In California, landlords cannot retain security deposits at the end of tenancy in bad faith. If a landlord provides an itemized statement of deductions but fails to disclose that it was written by a family member (who made them outrageously high), would it result in punitive damages?


A landlord may have an agent, whether an employee or a family member, prepare an itemized statement of deductions on the landlord's behalf. The landlord is just as responsible for its contents as if the landlord had prepared it personally, and the tenant need not know or care who actually prepared it. If it is knowingly excessive, that may constitute bad faith no matter who prepared it. The tenant's options for challenging the statement of deductions are not changed based who exactly prepared the list.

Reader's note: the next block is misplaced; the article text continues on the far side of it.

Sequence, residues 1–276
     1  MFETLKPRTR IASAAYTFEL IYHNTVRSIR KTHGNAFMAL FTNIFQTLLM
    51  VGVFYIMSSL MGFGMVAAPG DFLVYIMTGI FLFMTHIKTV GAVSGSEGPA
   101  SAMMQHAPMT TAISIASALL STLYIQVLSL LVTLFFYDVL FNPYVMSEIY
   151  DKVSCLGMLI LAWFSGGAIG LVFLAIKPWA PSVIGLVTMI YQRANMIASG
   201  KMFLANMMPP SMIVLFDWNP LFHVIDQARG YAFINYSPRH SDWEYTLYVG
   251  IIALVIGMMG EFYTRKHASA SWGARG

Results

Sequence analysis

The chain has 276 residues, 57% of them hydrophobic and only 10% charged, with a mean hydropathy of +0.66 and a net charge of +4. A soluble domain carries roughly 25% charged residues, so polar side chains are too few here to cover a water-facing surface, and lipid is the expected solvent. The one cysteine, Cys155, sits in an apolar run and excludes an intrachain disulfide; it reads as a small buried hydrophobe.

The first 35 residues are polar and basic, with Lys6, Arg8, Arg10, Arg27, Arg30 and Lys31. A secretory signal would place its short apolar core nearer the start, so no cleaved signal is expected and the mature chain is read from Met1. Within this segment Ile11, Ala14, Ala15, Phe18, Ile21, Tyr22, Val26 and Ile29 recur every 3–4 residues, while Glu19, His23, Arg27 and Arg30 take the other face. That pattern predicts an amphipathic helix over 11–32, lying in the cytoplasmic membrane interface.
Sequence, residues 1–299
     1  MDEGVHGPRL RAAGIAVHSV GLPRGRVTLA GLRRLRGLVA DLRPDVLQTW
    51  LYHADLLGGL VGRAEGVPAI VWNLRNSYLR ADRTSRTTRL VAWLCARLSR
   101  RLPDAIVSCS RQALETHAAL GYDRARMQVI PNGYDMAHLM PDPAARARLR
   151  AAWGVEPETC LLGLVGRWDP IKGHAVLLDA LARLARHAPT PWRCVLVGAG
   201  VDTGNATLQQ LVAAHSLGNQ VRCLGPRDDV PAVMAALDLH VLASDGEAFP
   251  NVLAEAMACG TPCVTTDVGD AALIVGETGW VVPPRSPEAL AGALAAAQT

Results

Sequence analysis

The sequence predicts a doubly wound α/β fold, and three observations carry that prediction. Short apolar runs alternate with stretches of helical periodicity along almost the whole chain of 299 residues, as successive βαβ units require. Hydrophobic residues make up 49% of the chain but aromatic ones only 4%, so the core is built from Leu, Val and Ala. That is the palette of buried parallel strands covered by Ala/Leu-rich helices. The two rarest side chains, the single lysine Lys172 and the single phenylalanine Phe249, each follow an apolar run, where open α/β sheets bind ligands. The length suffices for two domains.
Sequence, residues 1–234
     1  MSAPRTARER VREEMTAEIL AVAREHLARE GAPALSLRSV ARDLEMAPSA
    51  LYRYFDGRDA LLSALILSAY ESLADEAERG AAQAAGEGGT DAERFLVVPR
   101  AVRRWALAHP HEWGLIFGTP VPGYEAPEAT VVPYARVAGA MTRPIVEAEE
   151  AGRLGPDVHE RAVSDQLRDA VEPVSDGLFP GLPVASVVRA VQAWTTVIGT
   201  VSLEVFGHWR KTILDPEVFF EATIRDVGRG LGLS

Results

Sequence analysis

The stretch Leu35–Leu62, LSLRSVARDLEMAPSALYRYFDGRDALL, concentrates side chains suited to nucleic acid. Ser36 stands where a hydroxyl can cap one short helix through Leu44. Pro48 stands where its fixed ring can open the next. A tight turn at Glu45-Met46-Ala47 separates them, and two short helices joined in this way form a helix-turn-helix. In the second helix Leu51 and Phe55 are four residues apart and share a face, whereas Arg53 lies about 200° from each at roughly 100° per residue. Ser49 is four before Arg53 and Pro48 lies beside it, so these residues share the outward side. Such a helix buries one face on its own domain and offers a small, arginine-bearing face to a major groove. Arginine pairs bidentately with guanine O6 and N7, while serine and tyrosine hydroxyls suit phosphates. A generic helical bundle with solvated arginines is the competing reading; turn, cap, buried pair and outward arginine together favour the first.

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  • But since "excessive" is a subjective term, wouldn't it be more obvious that it's excessive (that is, subjective) when a family member was asked to prepare it rather than a neutral third party? Also, wouldn't disclosure of that fact be expected in good faith? – Gabor Sep 22 '19 at 14:56
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    @Gabor No and No. "excessive" can be measured reasonably objectively by determining the fair market costs for the various items, and checking the physical facts to see if the items actually apply. The landlord may properly delegate the duty of inspecting and preparing a list of items requiring attention to anyone s/he chooses, or prepare it personally -- it makes no difference, nor is the landlord required to notify the ex-tenant of who prepared the list. (Nor would an employee be "neutral".) Focus on the list and the validity of items on it, not on who prepared it. – David Siegel Sep 22 '19 at 15:09

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